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Pinedale Online > News > January 2007 > Governor Dave Freudenthalís Inaugural Comments-2007

Dave Freudenthal. Photo by State of Wyoming.
Dave Freudenthal
Wyoming Governor Dave Freudenthal. Photo courtesy State of Wyoming.
Governor Dave Freudenthalís Inaugural Comments-2007
Wyoming State Inauguration and Swearing In Ceremonies
by Governor Dave Freudenthal
January 2, 2007

Good morning and welcome. Thank you for extending my employment contract to serve as your Governor for another four years. With great humility, Nancy and I look forward to continuing our service to the people of Wyoming.

I congratulate my fellow statewide elected officials and hope for a cooperative and productive relationship over the next four years.

Tradition holds that inaugural speeches are to be profound dissertations written and delivered largely for students of history. But in this period of extraordinary growth and unmatched opportunity, our time is better spent on the decisions of the next few years - decisions which will help define the future we are creating for the next generation and generations yet unborn.

Historians will render judgment on our words. But our actions will be judged most critically by Wyoming*s citizens 30 and 50 years from now - for it is they who must live with the decisions we make as well as the indecision we indulge because of a lack of confidence or the fear of an uncertain tomorrow.

Our rapidly changing world encourages many of us to default to indecision. Even though our mind understands the unavoidable uncertainties of tomorrow, we still seek black-and-white answers, a simple "either/or" logic and comfortable, predictable patterns. Perhaps, this explains why it can sometimes be more appealing to look in the rear-view mirror than to accept the uncertainty of the oncoming future. With or without our active participation, time and history always march forward. But our active participation can affect the direction we march and help create the best possible future for our children and grandchildren. This nation and this state exist because our forbearers accepted the uncertainties of their future, set a course and took action. Given their uncertainties, none of them could have imagined the Wyoming of today.

Nearly universal agreement supports the characterization of Wyoming as being currently blessed with remarkable growth and unmatched opportunity. Data demonstrates increased income for our citizens and our governmental treasuries. By Constitution and statute, the prudent habit of state government savings is now a remarkable 40 cents of every severance tax dollar received by the state.

Our population is finally growing. Instead of being short of jobs, we are short of trained workers. Tourism and recreation are expanding their contribution to our economy. Our agricultural community continues to demonstrate great resiliency in the face of the ongoing drought. The private sector is making huge investments in our state and the production of energy resources continues to expand. We are optimistic about the future. Conventional wisdom summarizes our circumstance with this simple observation: "The sun is truly shining on Wyoming."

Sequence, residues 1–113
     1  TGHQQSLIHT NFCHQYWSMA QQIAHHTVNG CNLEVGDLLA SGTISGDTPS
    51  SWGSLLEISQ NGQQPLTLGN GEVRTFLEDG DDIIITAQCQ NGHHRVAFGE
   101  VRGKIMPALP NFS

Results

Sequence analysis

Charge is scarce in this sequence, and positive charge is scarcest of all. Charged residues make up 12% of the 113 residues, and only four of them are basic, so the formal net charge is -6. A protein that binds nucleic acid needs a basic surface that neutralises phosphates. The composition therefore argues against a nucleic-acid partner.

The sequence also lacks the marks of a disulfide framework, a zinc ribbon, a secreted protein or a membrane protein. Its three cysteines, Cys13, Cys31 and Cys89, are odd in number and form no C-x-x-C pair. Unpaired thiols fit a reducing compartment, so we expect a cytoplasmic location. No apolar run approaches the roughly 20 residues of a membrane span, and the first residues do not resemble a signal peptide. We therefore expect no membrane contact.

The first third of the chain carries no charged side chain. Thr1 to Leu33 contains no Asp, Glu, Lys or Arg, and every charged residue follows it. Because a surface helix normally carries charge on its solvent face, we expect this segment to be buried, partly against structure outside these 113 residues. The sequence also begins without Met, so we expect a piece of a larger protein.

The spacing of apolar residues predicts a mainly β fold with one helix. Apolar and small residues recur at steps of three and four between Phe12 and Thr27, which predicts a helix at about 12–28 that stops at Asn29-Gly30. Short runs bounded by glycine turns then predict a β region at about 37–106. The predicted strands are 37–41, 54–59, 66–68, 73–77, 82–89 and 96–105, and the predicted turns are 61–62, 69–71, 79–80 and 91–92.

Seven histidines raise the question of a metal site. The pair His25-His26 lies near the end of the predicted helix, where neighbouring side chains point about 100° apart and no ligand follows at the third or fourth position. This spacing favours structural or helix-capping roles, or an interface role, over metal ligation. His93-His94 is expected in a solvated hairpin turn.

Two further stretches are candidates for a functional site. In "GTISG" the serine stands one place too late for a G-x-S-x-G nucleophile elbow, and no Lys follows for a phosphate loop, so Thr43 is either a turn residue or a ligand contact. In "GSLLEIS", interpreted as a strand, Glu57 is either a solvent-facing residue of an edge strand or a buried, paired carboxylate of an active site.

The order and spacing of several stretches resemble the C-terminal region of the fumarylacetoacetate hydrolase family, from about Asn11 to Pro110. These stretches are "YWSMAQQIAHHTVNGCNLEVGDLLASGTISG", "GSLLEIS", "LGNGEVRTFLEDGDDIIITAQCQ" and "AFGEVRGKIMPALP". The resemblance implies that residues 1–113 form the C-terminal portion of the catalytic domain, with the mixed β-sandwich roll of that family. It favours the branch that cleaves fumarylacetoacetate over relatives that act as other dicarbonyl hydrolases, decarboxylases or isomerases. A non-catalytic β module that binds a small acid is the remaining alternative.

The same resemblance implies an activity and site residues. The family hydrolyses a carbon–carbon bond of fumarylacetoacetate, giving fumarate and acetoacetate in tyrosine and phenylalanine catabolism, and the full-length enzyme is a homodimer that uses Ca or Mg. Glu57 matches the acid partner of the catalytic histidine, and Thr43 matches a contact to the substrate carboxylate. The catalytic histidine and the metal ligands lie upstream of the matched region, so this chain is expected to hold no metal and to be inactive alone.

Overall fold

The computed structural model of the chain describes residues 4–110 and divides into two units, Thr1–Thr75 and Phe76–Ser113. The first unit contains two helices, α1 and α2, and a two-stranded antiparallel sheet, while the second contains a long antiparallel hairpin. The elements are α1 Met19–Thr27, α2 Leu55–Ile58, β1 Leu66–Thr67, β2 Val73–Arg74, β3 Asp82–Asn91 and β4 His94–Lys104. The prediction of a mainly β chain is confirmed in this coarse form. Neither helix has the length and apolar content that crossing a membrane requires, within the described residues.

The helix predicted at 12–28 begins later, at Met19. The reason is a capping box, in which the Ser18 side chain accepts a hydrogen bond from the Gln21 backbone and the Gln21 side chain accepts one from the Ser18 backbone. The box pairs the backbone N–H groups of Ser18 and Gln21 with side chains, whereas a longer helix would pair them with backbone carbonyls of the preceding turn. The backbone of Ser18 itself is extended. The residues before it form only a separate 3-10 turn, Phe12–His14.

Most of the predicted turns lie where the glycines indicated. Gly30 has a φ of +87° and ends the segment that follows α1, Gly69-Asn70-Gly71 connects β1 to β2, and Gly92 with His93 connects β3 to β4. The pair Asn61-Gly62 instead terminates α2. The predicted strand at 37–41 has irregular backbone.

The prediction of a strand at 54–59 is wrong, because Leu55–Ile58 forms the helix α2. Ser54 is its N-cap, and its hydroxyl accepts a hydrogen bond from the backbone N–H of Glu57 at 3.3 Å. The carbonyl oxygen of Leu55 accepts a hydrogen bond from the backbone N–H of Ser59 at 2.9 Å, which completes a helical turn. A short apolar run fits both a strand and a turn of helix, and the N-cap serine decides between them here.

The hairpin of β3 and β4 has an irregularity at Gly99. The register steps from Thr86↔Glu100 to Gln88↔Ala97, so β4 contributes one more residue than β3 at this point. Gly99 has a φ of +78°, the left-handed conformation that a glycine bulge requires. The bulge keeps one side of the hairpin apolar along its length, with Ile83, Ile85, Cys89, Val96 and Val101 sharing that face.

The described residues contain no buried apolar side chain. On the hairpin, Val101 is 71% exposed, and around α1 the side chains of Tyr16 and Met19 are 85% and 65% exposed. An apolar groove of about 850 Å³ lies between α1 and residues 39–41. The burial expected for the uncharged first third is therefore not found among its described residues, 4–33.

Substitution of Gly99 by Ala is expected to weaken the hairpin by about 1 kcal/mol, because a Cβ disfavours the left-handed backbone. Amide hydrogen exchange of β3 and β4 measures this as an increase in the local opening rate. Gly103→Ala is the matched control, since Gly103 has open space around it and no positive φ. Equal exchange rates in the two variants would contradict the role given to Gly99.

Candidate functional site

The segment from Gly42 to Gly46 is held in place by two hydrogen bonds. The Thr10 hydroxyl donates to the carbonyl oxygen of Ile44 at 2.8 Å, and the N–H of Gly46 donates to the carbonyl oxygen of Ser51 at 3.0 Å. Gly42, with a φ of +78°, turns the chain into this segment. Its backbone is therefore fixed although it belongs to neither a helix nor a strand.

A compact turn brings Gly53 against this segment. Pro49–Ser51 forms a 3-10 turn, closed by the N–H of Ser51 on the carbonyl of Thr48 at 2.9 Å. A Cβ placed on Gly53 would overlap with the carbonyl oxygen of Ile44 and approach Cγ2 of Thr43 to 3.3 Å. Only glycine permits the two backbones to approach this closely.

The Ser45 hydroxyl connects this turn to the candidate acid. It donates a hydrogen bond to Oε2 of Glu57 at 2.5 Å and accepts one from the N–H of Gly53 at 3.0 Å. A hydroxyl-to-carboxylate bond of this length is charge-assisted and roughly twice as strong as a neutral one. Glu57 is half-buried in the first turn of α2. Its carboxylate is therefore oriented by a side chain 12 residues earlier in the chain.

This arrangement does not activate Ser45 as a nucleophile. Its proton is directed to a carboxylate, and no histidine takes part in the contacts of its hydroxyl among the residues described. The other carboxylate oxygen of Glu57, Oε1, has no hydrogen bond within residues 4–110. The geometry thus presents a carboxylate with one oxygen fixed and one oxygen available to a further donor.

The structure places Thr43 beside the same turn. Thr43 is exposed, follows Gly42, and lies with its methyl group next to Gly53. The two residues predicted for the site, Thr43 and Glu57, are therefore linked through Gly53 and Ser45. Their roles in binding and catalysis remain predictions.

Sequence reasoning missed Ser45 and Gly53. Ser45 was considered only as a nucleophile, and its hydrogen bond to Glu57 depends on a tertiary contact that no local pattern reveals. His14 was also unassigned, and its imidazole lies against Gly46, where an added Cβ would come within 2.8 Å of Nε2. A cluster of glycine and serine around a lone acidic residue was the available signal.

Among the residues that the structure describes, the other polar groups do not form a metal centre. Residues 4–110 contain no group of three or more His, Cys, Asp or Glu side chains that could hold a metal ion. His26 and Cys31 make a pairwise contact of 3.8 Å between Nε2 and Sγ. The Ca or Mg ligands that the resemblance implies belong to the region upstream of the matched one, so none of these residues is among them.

This same sunshine illuminates less encouraging parts of the Wyoming landscape as well. Not everyone in Wyoming is sharing in the prosperity. Nearly fifty percent of the children born in Wyoming are covered by public assistance payments through Medicaid. Elderly and fixed income citizens continue to struggle with the rising costs of energy, healthcare and taxes. Substance abuse and the scourge of methamphetamine prey upon on our people and communities.

Our open space, wildlife and physical environment are under immense pressure, not just from mineral development, but increasingly from housing development and drought. A lack of available employees and a housing shortage are continuing topics of conversation throughout Wyoming. Our investment of public tax dollars in housing infrastructure, our road system, and the support of cities and counties has failed to keep pace with the private sector*s investment in the Wyoming economy.

Our demographic trends are similar to the national data showing a marked aging of our population. Our trends are accelerated by baby boomers moving to Wyoming for our low taxes and great quality of life.

And, of course, our old friend, the federal government in Washington, D.C. remains an unpredictable and often counterproductive partner in our efforts to shape Wyoming*s future.

Perhaps the most alarming development, in America and Wyoming, is the inability of working families, through no fault of their own, to piece together a life for themselves and their children. Our formula for the American Dream has always been: Get a job, work hard and you will be able to provide for your family. Sadly, too many wonderful people work two and three jobs, sacrifice time with loved ones and still struggle to provide for their families. The costs of housing, fuel, heat, daycare and healthcare simply exceed the family*s income. Their American Dream, too often, becomes a paycheck-to-paycheck struggle for family survival.

So we see there are two very different views of Wyoming. Both are accurate. Our state is flourishing in many ways, but there is still much to be done. We can take pride and comfort in the mountains we have climbed. But our focus must be on the summits ahead, not the valleys behind us.